We’ll discuss aesthetics more in detail when we look at some pieces of art together. Another thing to keep in mind in evaluating art is that art has a […………………………..], generally […………………………..]by the artist. You may not know what it is, and you don t need to know what it is to […………………………..]a piece of art, but it helps. For example, if you know what the artist’s purpose is … if you know that a piece of art […………………………..]the artist’s feeling about a political or social situation, you’ll probably look at it differently.
Now, besides beauty and purpose, what are the other aspects of a piece of art that need to be […………………………..]? Very simple-you examine a piece of art following these four formal steps. The first step is […………………………..]. .. describe physical […………………………..]of the piece— like this painting is large, it’s oil on canvas. Describe the subject—it’s a person it’s a landscape— or […………………………..]colors like, um, earth colors … that’s a description.
OK? So, you’ve described the piece. The next step is analysis. You’re looking at the piece for any universal symbols, characters, or themes it might contain. Certain symbols are […………………………..], and the artist counts on your understanding of symbols. Even colors have symbolic […………………………..], as you may know. And also objects […………………………..]in a piece of art are often used to represent an […………………………..]idea. Like wheels or […………………………..]—they look like circles, right?—so wheels and spheres represent […………………………..]and continuity. I have a handout, a list of these symbols and images and their interpretations, that I’ll give you later. But for now, the point is that after you describe the piece of art, you […………………………..]its content… you determine whether it contains […………………………..]that the artist is using to try to convey a certain meaning.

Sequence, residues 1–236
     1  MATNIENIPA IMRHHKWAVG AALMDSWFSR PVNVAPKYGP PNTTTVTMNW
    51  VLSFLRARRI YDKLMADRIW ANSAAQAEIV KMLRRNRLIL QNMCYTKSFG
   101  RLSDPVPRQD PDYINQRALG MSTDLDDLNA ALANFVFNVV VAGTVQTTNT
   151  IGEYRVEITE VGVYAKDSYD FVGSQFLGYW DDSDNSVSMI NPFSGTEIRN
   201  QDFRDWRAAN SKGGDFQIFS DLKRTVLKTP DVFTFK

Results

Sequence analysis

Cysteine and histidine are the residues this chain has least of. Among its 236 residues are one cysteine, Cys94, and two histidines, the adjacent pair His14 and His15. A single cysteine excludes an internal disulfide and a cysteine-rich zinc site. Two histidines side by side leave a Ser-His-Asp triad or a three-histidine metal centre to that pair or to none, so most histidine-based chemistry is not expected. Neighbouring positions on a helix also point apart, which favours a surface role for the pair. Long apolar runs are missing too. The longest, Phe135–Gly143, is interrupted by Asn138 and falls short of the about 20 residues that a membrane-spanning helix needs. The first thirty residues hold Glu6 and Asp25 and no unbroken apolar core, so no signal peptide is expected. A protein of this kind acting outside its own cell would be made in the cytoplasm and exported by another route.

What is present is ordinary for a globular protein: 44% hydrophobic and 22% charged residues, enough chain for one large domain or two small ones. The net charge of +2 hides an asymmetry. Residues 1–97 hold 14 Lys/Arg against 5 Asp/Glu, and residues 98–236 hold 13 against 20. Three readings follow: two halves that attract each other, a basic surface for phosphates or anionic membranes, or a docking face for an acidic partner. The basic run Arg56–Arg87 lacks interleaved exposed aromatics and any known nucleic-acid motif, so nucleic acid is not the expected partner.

If it does, the next step is interpretation. […………………………..]follows analysis very closely. You try to interpret the meaning of the symbols you […………………………..]in the piece. Almost all art has an obvious and an […………………………..]meaning. The implied meaning is hidden in the […………………………..]system expressed in the piece of art. What we see […………………………..]is one scene, but there can be several levels of meaning. Your interpretation of these symbols makes clear what the artist is trying to tell us.
The last step is […………………………..]or opinion—what do you think of the piece, is it […………………………..]or boring?— but I give that hardly any weight. If the four steps were to be
[…………………………..]up into a chart, then description, analysis, and […………………………..]would take up […………………………..] percent. Your opinion is not important in understanding a piece of art. It’s nice to say: I like it… I wouldn’t mind hanging it over my couch, but to […………………………..]a piece of art, it’s not critical.
OK. Now you know what I mean by “reading” a piece of art, and what it […………………………..]. Try to keep all that in mind next time you go to an art […………………………..]. I can tell you right now that you probably won’t be able to look at more than 12 pieces of art during that visit.
OK, now let’s look at a slide of a piece of art and try to “read” it together.
TRACK 96 TRANSCRIPT

Narrator
What does the professor imply when he says this:
Professor
Try to keep all that in mind next time you go to an art museum. I can tell you right now that you probably won’t be able to look at more than 12 pieces of art during that visit.

 

TOEFL IBT PRACTISE TEST 33 FROM MASTERING SKILLS FOR TOEFL IBT